By the 1950s, newspaper headlines read, "1,000 Residents Each Week Move into Florida." By the 1980s, a thousand new residents arrived daily. In Plantation and Sebring, reunions were held for ex-New Jerseyites to reconnect. When Rudolph Giuliani campaigned for the presidency, he proclaimed Broward County as New York City's "sixth borough."
A bellwether state, today's Florida grapples with the complexities of multiculturalism, immigration, aging and development — salient issues facing all Americans. But has Florida earned the respect, the gravitas expected of a megastate? In 2008, Time magazine's Michael Grunwald asked, "Is Florida the Sunset State?" noting the state's myriad problems. "The question is whether it will grow up."
The question is not new. In 1943, the Miami writer and critic Philip Wylie pondered the future. "We haven't asked people to live here," he wrote. "We've asked them to visit." He hectored, then pleaded, "At the end of the war, there will be two courses open to us. We can seize the gigantic opportunities at hand and develop this unique region into a new heart of the new world — or we can go on being a tropical Coney Island."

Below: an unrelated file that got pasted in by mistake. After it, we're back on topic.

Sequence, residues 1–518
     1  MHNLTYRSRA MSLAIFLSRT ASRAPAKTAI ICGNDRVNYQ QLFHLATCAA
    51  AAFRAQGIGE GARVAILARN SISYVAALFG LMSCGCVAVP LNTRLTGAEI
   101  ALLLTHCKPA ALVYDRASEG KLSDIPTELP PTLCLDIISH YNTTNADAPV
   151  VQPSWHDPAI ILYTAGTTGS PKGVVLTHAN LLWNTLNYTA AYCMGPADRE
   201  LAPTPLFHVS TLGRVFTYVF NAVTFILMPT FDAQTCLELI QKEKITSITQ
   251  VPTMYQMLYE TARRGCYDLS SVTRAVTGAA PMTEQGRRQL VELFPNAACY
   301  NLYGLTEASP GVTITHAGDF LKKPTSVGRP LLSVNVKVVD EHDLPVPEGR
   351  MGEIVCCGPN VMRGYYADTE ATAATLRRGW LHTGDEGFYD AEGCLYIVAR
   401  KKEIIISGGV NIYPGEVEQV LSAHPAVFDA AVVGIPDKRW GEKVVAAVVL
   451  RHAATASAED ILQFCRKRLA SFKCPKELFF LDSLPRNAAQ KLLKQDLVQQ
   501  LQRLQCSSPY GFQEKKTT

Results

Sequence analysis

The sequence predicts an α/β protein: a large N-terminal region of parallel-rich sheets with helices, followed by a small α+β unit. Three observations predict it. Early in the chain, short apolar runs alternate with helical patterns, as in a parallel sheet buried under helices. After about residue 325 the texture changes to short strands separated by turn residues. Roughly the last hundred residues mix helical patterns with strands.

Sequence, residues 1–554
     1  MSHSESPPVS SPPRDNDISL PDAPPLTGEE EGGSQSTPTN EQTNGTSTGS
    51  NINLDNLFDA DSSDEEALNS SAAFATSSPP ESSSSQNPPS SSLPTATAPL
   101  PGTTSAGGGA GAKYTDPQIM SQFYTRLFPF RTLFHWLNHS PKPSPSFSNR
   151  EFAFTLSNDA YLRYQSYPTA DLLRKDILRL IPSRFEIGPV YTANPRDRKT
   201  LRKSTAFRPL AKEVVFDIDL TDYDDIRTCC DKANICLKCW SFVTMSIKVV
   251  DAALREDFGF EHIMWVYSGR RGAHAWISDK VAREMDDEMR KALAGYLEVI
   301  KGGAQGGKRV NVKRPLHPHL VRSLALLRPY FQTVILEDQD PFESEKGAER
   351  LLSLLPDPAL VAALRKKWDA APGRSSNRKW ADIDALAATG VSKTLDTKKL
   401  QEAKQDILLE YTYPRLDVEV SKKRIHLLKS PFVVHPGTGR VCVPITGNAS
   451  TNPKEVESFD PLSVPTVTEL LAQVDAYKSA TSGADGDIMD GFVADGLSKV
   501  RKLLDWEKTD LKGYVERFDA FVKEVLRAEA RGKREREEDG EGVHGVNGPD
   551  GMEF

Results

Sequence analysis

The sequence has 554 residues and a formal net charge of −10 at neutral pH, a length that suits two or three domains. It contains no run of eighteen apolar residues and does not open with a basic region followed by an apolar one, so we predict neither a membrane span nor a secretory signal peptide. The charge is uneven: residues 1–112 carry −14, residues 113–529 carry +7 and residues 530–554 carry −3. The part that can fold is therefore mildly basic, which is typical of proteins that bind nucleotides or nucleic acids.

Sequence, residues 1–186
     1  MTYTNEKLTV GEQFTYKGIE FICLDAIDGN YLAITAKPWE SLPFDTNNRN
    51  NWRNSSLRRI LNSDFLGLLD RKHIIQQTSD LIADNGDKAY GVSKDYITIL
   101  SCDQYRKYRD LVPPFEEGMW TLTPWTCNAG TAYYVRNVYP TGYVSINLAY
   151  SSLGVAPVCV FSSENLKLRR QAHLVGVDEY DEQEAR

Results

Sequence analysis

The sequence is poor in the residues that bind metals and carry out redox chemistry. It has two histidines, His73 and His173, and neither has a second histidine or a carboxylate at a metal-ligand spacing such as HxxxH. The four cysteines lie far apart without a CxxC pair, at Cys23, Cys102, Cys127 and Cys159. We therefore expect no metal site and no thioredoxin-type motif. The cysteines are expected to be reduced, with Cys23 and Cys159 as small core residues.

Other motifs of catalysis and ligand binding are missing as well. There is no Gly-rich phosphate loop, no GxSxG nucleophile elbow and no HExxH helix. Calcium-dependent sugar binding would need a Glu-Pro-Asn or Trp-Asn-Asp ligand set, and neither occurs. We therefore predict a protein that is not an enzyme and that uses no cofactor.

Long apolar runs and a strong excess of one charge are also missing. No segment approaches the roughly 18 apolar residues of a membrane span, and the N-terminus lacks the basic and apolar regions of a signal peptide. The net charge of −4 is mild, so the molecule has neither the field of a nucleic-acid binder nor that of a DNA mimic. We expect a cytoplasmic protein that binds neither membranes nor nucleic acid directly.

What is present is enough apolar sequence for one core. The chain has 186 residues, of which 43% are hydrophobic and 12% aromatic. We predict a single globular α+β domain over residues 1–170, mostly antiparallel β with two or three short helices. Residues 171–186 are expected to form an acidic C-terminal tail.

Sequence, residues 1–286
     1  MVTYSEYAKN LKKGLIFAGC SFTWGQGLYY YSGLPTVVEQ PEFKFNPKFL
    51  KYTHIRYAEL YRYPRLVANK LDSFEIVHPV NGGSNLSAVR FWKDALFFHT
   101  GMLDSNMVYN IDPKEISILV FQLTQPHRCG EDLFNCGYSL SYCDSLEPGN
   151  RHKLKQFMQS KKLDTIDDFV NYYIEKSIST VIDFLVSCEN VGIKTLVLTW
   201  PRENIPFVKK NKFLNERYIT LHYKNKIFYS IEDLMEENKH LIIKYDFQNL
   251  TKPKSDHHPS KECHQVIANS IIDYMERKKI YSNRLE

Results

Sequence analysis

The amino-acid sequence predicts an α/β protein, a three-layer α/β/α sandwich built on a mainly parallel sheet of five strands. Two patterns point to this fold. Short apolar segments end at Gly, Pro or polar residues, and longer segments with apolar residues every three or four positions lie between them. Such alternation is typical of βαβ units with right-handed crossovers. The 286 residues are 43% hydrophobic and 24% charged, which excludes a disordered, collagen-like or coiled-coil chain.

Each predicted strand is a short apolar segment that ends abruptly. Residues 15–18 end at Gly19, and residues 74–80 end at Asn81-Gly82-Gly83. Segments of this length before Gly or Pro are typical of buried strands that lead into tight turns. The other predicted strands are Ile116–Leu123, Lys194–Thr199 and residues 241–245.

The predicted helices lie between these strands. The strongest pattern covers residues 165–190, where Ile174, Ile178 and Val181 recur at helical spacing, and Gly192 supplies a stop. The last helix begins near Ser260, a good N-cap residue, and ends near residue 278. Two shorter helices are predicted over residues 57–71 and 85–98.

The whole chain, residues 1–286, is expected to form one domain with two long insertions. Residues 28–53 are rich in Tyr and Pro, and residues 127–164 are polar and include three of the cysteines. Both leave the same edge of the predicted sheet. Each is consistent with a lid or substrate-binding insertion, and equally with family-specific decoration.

Once again, Florida stands at a crossroads. Will America's soon-to-be third largest state become a model showing the nation how to manage growth, restore ecosystems and balance generations of diverse citizens into a common cause? Will the challenge of global warming simply overwhelm a state with a thousand miles of coastline, or will the crisis serve as a rallying cry? Can/should Florida possibly maintain the pell-mell growth that added 16 million residents between 1945 and 2005? What does Florida do? Florida grows.
Gary R. Mormino is professor emeritus of history at the University of South Florida St. Petersburg and the scholar in residence at the Florida Humanities Council. He is the author of "Land of Sunshine, State of Dreams." He wrote this exclusively for the Tampa Bay Times.